On the heels of the most expensive City Council campaign in the city's history, the League of Women Voters and Common Cause will hold a public meeting Thursday to begin to craft a campaign financing ordinance for Laguna Beach.
"I feel this is an ideal time for this activity for our city," resident and league member Jean Raun told the City Council earlier this month. "We ask that the council act now to protect the integrity of the electoral process."
The goal, Raun said, is to prevent those with a financial advantage from wielding a disproportionate power in city elections. The council has unanimously endorsed the idea.
"I know this is a very difficult project," said Mayor Lida Lenney, who is expected to attend Thursday's meeting. "And I can't think of anybody who can tackle it better than the League of Women Voters."
Even before the November election, the League of Women Voters of Orange Coast had targeted the city for campaign spending reform, said Patricia Sturges, chairwoman of the Laguna Beach chapter.
This is not the first time a group has tried to cut campaign spending in Laguna Beach. Last year, Village Laguna, the city's largest political action committee, presented an ordinance to the council, hoping to have it in effect for the November election.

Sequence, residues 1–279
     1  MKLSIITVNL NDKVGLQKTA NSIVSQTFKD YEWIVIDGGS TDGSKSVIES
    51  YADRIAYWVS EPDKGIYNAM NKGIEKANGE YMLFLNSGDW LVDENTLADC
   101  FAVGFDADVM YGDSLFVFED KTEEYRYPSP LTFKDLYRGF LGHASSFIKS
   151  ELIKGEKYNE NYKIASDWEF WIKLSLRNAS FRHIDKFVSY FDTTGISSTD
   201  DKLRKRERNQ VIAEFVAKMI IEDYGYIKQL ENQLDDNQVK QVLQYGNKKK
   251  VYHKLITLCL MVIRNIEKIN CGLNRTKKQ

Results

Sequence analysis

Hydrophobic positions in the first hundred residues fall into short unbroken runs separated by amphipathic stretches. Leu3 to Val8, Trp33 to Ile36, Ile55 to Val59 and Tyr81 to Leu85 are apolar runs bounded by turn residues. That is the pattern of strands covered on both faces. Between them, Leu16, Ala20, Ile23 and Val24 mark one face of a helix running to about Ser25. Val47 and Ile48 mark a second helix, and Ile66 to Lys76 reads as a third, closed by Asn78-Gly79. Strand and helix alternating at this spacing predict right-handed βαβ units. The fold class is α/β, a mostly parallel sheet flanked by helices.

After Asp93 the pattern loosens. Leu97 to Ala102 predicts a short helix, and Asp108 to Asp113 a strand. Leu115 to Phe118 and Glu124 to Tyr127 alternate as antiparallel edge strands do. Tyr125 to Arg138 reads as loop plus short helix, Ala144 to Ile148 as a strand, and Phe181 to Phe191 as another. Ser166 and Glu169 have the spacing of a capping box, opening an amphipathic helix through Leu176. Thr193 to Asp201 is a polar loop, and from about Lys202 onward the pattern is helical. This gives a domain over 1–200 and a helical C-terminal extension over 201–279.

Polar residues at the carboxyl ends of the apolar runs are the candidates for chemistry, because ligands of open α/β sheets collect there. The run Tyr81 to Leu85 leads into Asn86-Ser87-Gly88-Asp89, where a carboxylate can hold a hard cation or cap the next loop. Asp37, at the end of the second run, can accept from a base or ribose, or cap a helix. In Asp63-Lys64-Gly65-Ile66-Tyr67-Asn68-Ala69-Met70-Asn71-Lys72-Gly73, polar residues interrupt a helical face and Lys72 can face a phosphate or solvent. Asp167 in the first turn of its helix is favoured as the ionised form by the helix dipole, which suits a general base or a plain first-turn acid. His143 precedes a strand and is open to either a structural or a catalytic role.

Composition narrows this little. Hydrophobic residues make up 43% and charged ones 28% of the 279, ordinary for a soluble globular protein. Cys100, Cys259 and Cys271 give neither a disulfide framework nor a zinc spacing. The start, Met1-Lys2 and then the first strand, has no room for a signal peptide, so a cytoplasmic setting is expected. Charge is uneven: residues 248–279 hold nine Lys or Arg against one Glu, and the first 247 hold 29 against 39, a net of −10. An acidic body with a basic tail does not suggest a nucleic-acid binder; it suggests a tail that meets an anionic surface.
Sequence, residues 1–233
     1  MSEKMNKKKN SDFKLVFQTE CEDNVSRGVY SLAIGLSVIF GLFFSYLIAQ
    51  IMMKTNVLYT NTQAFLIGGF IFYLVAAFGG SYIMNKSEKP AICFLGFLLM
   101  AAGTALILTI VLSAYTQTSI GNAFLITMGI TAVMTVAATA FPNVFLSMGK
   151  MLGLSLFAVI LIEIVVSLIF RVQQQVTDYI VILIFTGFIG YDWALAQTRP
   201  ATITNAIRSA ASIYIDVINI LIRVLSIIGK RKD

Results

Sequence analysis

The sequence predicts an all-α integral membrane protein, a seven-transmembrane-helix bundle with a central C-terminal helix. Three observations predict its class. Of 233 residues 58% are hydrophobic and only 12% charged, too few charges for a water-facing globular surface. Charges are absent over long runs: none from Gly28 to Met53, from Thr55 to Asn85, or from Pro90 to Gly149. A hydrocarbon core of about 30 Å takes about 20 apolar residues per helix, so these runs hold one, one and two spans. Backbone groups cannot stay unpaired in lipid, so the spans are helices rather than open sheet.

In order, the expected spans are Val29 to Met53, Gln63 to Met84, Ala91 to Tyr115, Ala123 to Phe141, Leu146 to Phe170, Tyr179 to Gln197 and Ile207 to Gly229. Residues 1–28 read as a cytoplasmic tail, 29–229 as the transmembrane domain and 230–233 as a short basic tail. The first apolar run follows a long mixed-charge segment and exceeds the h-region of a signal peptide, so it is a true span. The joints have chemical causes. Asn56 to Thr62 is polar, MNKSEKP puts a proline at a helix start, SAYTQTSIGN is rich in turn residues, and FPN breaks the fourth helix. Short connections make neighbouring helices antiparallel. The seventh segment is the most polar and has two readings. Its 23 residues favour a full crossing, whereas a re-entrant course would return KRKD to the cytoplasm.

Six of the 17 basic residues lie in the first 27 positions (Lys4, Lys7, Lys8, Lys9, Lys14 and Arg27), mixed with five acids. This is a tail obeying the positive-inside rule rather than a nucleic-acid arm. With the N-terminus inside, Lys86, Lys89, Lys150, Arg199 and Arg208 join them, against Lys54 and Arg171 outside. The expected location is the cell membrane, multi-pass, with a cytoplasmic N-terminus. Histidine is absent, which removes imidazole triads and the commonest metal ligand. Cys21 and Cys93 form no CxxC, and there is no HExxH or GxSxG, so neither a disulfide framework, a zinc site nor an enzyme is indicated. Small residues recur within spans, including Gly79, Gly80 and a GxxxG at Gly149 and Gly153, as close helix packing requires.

However, with limited time and varied opinions about how to solve the problem, the council instead encouraged candidates to voluntarily agree to limit their spending to $30,000 each. All but two candidates--Mel Owens and Peter French--agreed to do so.
Owens, a political newcomer in Laguna Beach who came in third after funneling $41,202 into the race, was the biggest spender. The winning candidates--Kathleen Blackburn and Wayne L. Peterson--were second and third in spending, respectively.
Political veterans were surprised when Planning Commissioner Norm Grossman, who had been considered a front-runner in the race, was knocked into fourth place after he was targeted by a free-spending political action committee that was formed to defeat him and elect Peterson and Blackburn.
That committee--Citizens for Responsible Government--spent $53,432 on the campaign.
Most of that total--$50,220--was contributed by Richard A. Hall Co. Hall is a Costa Mesa businessman and part owner of Treasure Island Mobilehome Park in South Laguna.
Thursday's meeting will be held in council chambers at 9:30 a.m.
As envisioned, the new ordinance would include campaign spending limits and a code of ethics for the city, Sturges said. It should be ready for a council vote this summer.